Pennsylvania’s Wild Mushrooms
Posted: February 12, 2012
By Elwin Stewart, Plant Pathology, PSU
Musky, dusky and risky for the uninitiated, wild mushrooms are gaining in popularity as American palates look for new taste treats. Although the Pacific Northwest is known as Mushroom Mecca, Pennsylvania should not be faulted in the fungus department. Indeed, Pennsylvania fields and forests are home to at least seven species of popular wild mushrooms. Bearing such exotic names as king bolete, morels, chicken of the woods, shaggy mane, horn of plenty and oyster mushrooms, you can find these fungi growing abundantly throughout the state - if you know where to look. Most of the edible wild mushrooms grow in forested areas, although there are several that thrive in open fields.
Despite Pennsylvania's rich bounty of wild species, I sharply warn against picking any kind of mushroom unless accompanied by an expert. You should either learn from a mycologist or join a mushroom club that has very knowledgeable amateurs. Mushroom pickers should buy a good field guide as well.
First learn what mushrooms not to pick. Most, but not all, deadly mushrooms in Pennsylvania are Amanita species. These mushrooms vary widely in appearance, but some common characteristics are white spores, a veil hanging from where the cap meets the stalk, and a cup-like or bulbous base. Poisonous mushrooms are very toxic and in most cases lethal. Although there are few deaths annually from mushroom poisoning, in this case, one mistake could be your last.
Once toxic mushroom recognition has been mastered, tackle edible wild mushrooms one species at a time. Learn its developmental stages and habitat, then branch off into other species. Learn three or four edible species in your area that have a fruiting season spanning from spring to mid-or late fall.
Here are some of the better wild mushrooms available in the Northeast.
Boletus edulis: Called "king bolete," these have a thick stalk and a nut-like cap. They are found near the roots of trees.
Laetiporus sulphureus: Called "chicken of the woods," this fungus grows as a parasite on dead wood. The creamy yellow/orange mush- room forms a cascading series of shelves resembling a lava flow, and yes, it tastes like chicken.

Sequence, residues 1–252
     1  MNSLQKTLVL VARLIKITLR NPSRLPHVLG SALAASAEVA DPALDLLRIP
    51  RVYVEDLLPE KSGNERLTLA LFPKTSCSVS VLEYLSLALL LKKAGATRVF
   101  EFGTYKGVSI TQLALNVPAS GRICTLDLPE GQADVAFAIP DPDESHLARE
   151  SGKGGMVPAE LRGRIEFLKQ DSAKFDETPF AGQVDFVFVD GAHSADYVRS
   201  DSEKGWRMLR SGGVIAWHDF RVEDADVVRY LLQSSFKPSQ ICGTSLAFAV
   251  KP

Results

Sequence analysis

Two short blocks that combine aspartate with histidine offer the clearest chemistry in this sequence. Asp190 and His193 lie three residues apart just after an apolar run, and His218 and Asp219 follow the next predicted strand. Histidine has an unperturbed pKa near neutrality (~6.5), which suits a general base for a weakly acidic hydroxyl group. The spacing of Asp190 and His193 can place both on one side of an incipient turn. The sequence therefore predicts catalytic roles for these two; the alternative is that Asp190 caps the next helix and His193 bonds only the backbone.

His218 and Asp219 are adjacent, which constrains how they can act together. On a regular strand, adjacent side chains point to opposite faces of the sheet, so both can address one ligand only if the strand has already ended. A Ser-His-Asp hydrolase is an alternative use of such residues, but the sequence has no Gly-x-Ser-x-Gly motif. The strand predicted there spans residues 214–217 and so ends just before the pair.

Coprinus comatus: Known as "shaggy mane," these are abundant in the fall. They have a large cap that looks somewhat like an artillery shell. These should be eaten shortly after picking or the cap will deteriorate into a gooey mass. This mushroom is found in grassy fields.
Langermannia gigantea: Known to kids far and wide as a "giant puff- ball," this fungus must be eaten fresh, when its flesh is white. They are found in fields.
Craterellus cornucopiodes: The "horn of plenty" is black and looks rather unappetizing, but its trumpet-like shape is recognizable, and the mushroom is quite tasty.
Pleurotus ostreatus: Called "oyster mushrooms," these fungi look fragile and flare from the stem. They have a slightly meaty taste.
Morechella esculenta: The morel, which resembles a pine cone or Christmas tree shaped sponge on a stalk, is commonly found in the spring in wooded areas.
Most wild mushrooms should be eaten as soon after harvest as possible. Almost all wild mushrooms can be frozen or dried without losing much flavor. If stored in a refrigerator, the mushrooms should be in a paper sack. If you put them in a plastic bag, humidity builds up, and the small amounts of bacteria and yeasts that are present when the mushroom is picked will multiply rapidly. Then, there is a good chance you will get sick from the bacteria, not the fungus.
Although wild mushrooms can be delicious, freshness can be a problem. For instance, the giant puffball emits a terrible odor once it has gone bad. The best way to judge freshness is by appearance. If it looks bad, it probably is bad.